2   "[F]ormer Rule 56(f) . . . is substantively the same as current Rule 56(d)." Michelman v. Lincoln Nat'l Life Ins. Co., 685 F.3d 887, 899 n.7 (9th Cir. 2012).

The district court awarded attorney's [*5]  fees and costs against Gamage for pursuing a frivolous action under 42 U.S.C. § 1988 and Nevada Revised Statute 18.010(2)(b). The district court also sanctioned Bach under 28 U.S.C. § 1927 after finding that he "recklessly [and] in bad faith" multiplied the proceedings. See United States v. Blodgett, 709 F.2d 608, 610 (9th Cir. 1983). The district court did not abuse its discretion in finding that Gamage's action as a whole was frivolous or that Bach multiplied the proceedings recklessly and in bad faith.3 See Harris v. Maricopa Cty. Superior Court, 631 F.3d 963, 971 (9th Cir. 2011) (holding that attorney's fees awards are available under § 1988 for frivolous actions); Blodgett, 709 F.2d at 610 (holding that sanctions under § 1927 are available when an attorney recklessly or in bad faith multiplies the proceedings); Rodriguez v. Primadonna Co., LLC, 125 Nev. 578, 216 P.3d 793, 800 (Nev. 2009) (stating that NRS 18.010(2)(b) permits attorney's fees award for frivolous actions). Nor did the district court err in awarding prejudgment interest on attorney's fees, see Albios v. Horizon Cmtys., Inc., 122 Nev. 409, 132 P.3d 1022, 1035-36 (Nev. 2006), in declining to itemize the fees associated with each of Gamage's claims, see Hensley v. Eckerhart, 461 U.S. 424, 438, 103 S. Ct. 1933, 76 L. Ed. 2d 40 (1983), or in issuing sanctions under § 1927 without holding an in-person hearing, see Pac. Harbor Capital, Inc. v. Carnival Air Lines, Inc., 210 F.3d 1112, 1118 (9th Cir. 2000). Sanctions were properly imposed on Gamage and her lawyer.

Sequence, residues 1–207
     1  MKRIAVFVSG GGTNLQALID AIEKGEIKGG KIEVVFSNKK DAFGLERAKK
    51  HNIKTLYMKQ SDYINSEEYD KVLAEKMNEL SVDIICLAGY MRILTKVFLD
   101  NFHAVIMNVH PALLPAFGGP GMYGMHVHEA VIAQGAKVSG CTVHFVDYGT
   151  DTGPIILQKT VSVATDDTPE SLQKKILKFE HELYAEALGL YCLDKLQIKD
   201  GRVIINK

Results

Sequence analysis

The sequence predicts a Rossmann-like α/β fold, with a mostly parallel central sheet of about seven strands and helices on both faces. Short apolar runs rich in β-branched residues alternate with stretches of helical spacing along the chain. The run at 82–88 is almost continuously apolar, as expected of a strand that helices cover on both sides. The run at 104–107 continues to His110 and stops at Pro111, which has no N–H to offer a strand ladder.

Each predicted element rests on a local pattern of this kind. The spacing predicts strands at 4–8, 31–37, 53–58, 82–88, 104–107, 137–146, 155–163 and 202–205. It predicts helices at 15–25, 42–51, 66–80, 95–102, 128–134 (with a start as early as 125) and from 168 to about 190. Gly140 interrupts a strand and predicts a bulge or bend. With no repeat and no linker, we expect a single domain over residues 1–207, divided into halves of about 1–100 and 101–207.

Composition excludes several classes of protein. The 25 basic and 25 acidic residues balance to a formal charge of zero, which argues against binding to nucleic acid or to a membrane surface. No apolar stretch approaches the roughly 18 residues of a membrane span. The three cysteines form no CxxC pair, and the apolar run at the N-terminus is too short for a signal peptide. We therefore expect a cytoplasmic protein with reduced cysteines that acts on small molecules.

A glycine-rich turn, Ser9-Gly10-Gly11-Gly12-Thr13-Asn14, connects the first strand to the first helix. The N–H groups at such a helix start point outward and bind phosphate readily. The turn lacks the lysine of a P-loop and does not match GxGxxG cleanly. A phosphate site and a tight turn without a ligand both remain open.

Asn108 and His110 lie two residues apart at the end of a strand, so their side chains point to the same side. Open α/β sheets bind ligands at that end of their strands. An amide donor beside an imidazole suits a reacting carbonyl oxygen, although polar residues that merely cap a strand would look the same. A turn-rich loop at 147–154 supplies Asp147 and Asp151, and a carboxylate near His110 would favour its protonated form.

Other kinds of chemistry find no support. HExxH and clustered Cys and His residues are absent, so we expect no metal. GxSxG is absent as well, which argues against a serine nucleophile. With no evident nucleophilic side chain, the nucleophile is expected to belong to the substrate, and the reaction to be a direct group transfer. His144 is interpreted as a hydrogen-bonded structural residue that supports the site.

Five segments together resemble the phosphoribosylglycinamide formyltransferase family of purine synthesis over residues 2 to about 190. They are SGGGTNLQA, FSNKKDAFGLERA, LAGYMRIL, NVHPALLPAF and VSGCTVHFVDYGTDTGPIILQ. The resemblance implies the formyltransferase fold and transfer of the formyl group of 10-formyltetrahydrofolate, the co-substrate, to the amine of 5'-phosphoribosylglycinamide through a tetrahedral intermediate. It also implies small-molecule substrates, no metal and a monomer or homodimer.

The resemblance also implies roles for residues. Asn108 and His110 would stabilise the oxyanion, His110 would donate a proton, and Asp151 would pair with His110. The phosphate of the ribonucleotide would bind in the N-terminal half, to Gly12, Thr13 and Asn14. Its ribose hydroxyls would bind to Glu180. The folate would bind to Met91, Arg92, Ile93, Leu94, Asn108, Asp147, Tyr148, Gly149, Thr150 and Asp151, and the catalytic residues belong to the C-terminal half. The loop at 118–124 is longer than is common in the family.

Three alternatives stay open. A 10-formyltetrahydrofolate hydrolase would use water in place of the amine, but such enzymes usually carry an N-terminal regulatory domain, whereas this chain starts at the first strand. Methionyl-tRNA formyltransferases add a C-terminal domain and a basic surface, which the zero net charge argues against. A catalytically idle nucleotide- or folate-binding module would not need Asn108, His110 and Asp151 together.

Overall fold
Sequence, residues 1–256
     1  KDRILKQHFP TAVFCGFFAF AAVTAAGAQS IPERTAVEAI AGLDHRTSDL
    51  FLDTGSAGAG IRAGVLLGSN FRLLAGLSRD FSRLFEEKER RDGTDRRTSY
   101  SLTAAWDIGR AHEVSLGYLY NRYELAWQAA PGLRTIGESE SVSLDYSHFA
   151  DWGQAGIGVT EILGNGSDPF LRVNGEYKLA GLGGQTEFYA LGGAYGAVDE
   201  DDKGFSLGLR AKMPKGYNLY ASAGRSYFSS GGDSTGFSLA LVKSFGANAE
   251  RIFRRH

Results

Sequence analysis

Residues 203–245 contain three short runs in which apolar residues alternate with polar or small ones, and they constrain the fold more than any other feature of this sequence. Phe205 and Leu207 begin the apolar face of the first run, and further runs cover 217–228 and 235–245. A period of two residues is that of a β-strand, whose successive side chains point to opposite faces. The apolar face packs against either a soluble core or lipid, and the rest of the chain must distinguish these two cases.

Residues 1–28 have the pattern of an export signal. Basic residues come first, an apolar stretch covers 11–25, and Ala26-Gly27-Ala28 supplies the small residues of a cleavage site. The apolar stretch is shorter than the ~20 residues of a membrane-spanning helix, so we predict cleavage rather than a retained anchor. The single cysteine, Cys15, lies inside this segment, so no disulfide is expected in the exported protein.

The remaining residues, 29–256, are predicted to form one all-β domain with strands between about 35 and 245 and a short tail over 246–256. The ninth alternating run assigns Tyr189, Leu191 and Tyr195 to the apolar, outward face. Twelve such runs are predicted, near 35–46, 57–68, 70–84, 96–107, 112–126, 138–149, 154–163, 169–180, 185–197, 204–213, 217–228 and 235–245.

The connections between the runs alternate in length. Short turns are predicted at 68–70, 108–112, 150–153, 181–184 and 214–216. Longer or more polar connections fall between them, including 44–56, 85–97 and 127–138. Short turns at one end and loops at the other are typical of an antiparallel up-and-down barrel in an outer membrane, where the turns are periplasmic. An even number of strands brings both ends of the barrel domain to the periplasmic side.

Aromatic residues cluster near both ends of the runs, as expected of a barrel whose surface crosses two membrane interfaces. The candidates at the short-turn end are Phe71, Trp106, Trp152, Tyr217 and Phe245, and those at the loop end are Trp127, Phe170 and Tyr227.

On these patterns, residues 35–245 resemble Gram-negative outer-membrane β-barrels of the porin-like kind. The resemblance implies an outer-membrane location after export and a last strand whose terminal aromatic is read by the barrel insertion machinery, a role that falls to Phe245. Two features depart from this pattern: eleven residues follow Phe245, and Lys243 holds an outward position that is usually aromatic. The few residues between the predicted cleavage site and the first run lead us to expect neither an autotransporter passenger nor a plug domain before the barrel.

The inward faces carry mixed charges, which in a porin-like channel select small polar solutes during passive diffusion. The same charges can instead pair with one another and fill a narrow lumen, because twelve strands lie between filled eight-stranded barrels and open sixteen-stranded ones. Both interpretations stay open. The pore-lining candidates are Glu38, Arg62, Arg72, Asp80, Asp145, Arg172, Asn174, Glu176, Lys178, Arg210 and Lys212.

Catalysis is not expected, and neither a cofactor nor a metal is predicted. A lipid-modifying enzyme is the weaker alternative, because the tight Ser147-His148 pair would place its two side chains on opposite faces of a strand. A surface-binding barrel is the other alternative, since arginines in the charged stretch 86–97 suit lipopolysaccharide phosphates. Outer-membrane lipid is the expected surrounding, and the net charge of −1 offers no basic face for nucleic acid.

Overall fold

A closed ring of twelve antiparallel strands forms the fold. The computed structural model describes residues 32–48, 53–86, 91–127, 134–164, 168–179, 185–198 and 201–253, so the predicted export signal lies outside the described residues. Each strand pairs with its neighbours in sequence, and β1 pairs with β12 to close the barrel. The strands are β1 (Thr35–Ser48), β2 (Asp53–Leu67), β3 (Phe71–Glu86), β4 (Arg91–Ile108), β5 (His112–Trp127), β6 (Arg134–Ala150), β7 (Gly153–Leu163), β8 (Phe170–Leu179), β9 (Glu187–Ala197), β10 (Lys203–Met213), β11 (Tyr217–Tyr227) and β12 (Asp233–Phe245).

3   At oral argument, Bach's attorney argued for the first time that Eleventh Amendment immunity did not bar Gamage's claims under Embury v. King, 361 F.3d 562 (9th Cir. 2004). Bach did not raise this argument before the district court or in his briefs before this court. Accordingly, Bach waived this argument. [*6]  See United States v. Kama, 394 F.3d 1236, 1238 (9th Cir. 2005) ("Generally, an issue is waived when the appellant does not specifically and distinctly argue the issue in his or her opening brief."). The district court did not abuse its discretion in sanctioning Bach under § 1927.

The district court also sanctioned The Bach Law Firm under 28 U.S.C. § 1927. We vacate this award in light of our recent decision in Kaass Law, 799 F.3d at 1293, which was issued after the district court considered sanctions in this matter.

Each party shall bear its own costs on appeal.